Raw edges and red-blooded glitz

The Guardian - G2 - - Classical - Erica Jeal

Al­bum Mahler: Sym­phony No 6

Bang, bang, bang go the open­ing bass notes of Mahler’s Sym­phony No 6, a thud that read­ies the nerves for tur­bu­lence ahead. Tur­bu­lence is what we ex­pect from this, the first Mahler record­ing by con­duc­tor Teodor Cur­rentzis and his Rus­sian orches­tra, Mu­sicAeterna. On their pre­vi­ous discs – Mozart, Tchaikovsky, Stravin­sky, Rameau – their in­ter­pre­ta­tions have had an el­e­ment of sur­prise, and yet, Cur­rentzis is not quite the icon­o­clast he is some­times made out to be. In­stead, he ap­pears able to shoul­der the weight of ac­cu­mu­lated per­form­ing tra­di­tion and then, de­ci­sively, shrug it off. What would be re­ally in­ter­est­ing is to hear him and his orches­tra tackle a big work that doesn’t drag that weight of his­tory with it – to in­vig­o­rate a piece that re­ally does need their at­ten­tions. For now, Cur­rentzis is con­cen­trat­ing on ac­knowl­edged mas­ter­pieces, and if you can imag­ine a Mahler 6 in which the ur­gency and raw edge of Roger Nor­ring­ton rubs up against the red-blooded glitz of Leonard Bern­stein, this is it.

Cur­rentzis shapes the mu­sic in foren­sic de­tail, lux­u­ri­at­ing in an orches­tra full of wind soloists who don’t seem ever to need to breathe. From those crisp open­ing thuds on­wards, this doesn’t feel like a per­for­mance con­ceived on a long­form scale, yet the cathar­sis at the end is cer­tainly there. The spa­cious and slightly bath­roomy record­ing acous­tic makes for some dis­tant, sweetly nos­tal­gic horn so­los. Cur­rentzis puts the slow move­ment third – fol­low­ing Mahler’s ear­li­est thoughts rather than his later con­vic­tions – and opts for two ham­mer blows of fate in the fi­nale rather than three. Ev­ery­thing is highly coloured; the kalei­do­scope turns to of­fer fleet­ing glimpses of Wag­ner, Tchaikovsky, El­gar, even Mozart. It’s a con­stantly en­gag­ing per­for­mance that seems to en­com­pass the whole mu­si­cal world. The most idio­syn­cratic pas­sages, though, are those when Mahler brings on the cow­bells – they some­how sound more Hi­malayan than Alpine, and the ce­lesta is so dom­i­nant as to add a hint of sci-fi. Does it sound like quin­tes­sen­tial Mahler? Not re­ally.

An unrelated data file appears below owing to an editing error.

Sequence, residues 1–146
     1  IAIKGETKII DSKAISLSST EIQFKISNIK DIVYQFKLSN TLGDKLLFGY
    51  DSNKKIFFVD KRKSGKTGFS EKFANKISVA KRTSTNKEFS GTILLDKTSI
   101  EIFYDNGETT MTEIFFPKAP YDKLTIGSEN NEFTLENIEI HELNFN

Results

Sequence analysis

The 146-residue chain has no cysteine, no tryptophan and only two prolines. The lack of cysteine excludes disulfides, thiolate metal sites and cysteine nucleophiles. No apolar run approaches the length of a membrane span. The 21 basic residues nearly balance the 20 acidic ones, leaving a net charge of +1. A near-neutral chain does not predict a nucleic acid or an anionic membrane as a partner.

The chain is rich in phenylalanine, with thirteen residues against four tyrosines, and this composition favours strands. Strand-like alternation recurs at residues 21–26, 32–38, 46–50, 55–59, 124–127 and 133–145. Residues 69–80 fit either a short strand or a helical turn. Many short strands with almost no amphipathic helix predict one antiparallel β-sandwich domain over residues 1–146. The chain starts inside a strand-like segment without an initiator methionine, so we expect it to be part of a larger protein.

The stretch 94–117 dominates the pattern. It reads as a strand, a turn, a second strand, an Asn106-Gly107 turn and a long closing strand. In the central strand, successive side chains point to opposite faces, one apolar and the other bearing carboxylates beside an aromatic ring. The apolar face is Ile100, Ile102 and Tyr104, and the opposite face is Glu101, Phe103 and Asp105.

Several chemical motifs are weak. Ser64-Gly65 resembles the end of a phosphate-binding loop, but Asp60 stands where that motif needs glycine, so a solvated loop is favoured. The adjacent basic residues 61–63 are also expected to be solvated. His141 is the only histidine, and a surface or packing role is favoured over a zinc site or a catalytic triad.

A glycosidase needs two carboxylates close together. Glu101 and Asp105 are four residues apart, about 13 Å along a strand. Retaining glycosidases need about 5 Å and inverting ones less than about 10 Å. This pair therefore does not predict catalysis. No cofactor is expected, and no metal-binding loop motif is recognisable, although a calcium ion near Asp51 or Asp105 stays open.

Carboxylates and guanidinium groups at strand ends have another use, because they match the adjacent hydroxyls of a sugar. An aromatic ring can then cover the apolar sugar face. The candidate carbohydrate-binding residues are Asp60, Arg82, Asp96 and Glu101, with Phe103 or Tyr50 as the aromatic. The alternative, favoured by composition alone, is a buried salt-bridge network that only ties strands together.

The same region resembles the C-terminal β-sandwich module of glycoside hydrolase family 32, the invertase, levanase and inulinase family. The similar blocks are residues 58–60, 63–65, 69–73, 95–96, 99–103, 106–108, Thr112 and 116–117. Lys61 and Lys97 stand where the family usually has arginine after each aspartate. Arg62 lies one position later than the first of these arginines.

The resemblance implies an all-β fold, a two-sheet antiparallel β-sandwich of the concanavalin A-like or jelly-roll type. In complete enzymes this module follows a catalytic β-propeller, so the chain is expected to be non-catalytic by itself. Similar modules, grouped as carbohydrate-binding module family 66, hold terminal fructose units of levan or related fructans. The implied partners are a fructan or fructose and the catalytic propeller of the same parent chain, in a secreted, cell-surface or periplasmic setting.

This week’s other picks

If tra­di­tional Mahler is what you want from a record­ing, then also out this week is Daniel Hard­ing’s disc of Mahler’s Sym­phony No 5 with the Swedish Ra­dio Sym­phony

Orches­tra. Hard­ing doesn’t have many sur­prises up his sleeve here, but his orches­tra play their socks off for him and the re­sult is solidly con­vinc­ing.

Artist Mu­sicAeterna/Cur­rentzis

The slightly bath­roomy acous­tic makes sweetly nos­tal­gic horn so­los

Newspapers in English

Newspapers from UK

© PressReader. All rights reserved.